Can I use my late husband's unused Inheritance Tax allowance?
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I have been a widow for more than 20 years. My husband left his whole estate to me and I plan to leave everything to our son. I’m worth about £850,000. I understand that these days you can inherit the Inheritance Tax allowance from your partner if they left everything to you, but does that apply if he died before that rule was introduced?
Douglas Bridges of Smith & Pinching responds:
The good news is that yes, you can indeed be the recipient of your late husband’s unused Nil Rate Band (NRB), which is the amount you can leave to your heirs that gets a zero rate for Inheritance Tax (IHT). Anything he left to you as his spouse/civil partner is exempt from IHT, so if he left everything to you, you can claim his full NRB of £325,000, which is then added to yours giving you a combined NRB of £650,000.
Even better news is that you are also entitled to an additional slice of Nil Rate Band if you leave your home to direct descendants (children, grandchildren, adopted/fostered/stepchildren), which can be up to £175,000, depending on the value of your home. This is known as the Residence Nil Rate Band (RNRB) and, importantly, this too can be passed to a surviving spouse/civil partner if unused, even if your husband died before it was introduced. In practice, this means that you could be entitled to a combined NRB/RNRB of up to £1 million.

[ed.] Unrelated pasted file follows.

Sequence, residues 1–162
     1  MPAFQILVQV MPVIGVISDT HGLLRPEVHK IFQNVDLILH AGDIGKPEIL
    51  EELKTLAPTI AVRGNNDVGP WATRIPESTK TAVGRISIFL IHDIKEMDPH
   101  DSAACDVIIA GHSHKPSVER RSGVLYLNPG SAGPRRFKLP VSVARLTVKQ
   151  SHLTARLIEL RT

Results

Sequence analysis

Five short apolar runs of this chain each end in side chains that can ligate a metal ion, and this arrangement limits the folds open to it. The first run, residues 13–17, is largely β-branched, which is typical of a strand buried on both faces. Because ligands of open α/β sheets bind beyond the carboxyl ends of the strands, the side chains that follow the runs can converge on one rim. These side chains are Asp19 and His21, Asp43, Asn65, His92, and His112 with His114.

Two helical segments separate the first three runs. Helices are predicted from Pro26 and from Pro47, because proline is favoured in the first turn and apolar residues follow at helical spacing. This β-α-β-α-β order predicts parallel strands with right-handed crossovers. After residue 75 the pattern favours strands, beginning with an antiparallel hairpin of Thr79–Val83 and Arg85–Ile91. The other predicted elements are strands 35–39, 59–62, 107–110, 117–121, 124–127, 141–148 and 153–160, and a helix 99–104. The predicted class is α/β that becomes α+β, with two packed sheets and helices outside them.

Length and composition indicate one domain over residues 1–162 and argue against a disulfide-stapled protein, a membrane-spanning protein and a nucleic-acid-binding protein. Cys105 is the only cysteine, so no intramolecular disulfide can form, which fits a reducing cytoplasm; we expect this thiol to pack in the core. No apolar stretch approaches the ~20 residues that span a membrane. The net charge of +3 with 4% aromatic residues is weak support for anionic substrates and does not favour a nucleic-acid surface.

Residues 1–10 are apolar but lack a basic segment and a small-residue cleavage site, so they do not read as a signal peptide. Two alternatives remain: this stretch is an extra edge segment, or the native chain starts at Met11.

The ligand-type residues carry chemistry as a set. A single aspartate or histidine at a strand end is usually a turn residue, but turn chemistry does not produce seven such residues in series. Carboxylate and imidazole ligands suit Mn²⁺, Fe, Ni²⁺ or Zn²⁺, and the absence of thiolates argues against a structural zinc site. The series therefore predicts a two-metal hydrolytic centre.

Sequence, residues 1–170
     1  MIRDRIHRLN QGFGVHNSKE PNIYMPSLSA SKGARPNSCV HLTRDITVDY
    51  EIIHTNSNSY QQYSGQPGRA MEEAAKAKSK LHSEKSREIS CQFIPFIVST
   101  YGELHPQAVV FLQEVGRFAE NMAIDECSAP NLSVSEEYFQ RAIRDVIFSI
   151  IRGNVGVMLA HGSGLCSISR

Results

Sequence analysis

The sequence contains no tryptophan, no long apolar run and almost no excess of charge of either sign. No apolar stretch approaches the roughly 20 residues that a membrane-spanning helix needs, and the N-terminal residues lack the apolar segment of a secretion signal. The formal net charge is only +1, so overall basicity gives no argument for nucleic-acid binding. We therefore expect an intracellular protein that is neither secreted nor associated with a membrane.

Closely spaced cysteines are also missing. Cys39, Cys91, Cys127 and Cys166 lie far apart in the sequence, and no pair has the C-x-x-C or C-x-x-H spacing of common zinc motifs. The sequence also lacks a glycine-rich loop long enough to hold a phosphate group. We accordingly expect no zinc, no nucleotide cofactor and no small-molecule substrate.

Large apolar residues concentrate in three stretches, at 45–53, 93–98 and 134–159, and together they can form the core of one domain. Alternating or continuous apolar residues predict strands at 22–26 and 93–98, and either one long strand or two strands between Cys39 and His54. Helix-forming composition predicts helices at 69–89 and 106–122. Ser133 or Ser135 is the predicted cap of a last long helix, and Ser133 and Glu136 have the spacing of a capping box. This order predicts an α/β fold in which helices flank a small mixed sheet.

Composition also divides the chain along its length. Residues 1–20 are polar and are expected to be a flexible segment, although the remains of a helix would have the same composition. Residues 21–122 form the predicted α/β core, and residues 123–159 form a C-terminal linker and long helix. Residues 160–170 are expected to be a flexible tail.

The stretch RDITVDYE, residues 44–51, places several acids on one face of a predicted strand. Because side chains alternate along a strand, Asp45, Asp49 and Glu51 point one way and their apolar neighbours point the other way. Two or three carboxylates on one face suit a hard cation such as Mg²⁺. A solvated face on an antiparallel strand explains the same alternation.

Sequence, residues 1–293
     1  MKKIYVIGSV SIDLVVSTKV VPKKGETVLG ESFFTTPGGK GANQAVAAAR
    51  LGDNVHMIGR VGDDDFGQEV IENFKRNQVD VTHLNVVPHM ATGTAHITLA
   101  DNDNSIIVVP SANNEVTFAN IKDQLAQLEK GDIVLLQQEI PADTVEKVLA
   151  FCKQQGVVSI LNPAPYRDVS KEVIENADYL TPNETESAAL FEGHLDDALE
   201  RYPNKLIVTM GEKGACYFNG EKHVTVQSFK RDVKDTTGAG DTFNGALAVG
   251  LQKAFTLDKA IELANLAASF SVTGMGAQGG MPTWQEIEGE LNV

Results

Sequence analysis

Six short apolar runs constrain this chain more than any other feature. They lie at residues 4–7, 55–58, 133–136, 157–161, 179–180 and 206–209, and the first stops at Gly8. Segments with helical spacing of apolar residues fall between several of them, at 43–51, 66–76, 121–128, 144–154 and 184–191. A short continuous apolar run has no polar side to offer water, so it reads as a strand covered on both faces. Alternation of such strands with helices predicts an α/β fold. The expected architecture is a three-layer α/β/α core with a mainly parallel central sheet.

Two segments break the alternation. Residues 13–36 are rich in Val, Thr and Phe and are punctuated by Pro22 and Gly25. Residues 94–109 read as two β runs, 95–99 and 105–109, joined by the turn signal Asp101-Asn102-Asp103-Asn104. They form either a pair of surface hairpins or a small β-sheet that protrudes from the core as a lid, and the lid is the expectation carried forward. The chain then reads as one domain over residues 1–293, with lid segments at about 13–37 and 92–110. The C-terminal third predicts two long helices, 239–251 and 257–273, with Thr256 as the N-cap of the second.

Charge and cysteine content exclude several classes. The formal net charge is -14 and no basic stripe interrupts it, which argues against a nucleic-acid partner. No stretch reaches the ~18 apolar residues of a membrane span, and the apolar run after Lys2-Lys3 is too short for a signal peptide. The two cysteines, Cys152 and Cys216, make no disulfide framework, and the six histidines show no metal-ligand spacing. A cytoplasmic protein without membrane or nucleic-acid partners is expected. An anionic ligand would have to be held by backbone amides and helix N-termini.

However, it is entirely possible that your estate could grow beyond the £1 million figure before you die, if you have savings and investments that perform well and if house prices continue to rise, increasing the value of your home. I think it might be worth discussing your finances with an Independent Financial Adviser to understand what your potential future IHT liability might be. We use lifetime cashflow planning to project values forward over the coming years using different scenarios, so that you can understand at what point IHT may be a potential problem. If it transpires that your estate is likely to have a future IHT liability, there are ways of managing that, including lifetime giving.
Any opinions expressed in this article do not constitute advice. The value of an investment and the income from it could go down as well as up. The return at the end of the investment period is not guaranteed and you may get back less than you originally invested. The above taxation information is based on our current understanding of taxation legislation and regulations. Any levels and bases of, and reliefs from, taxation are subject to change.
For more information, please visit www.smith-pinching.co.uk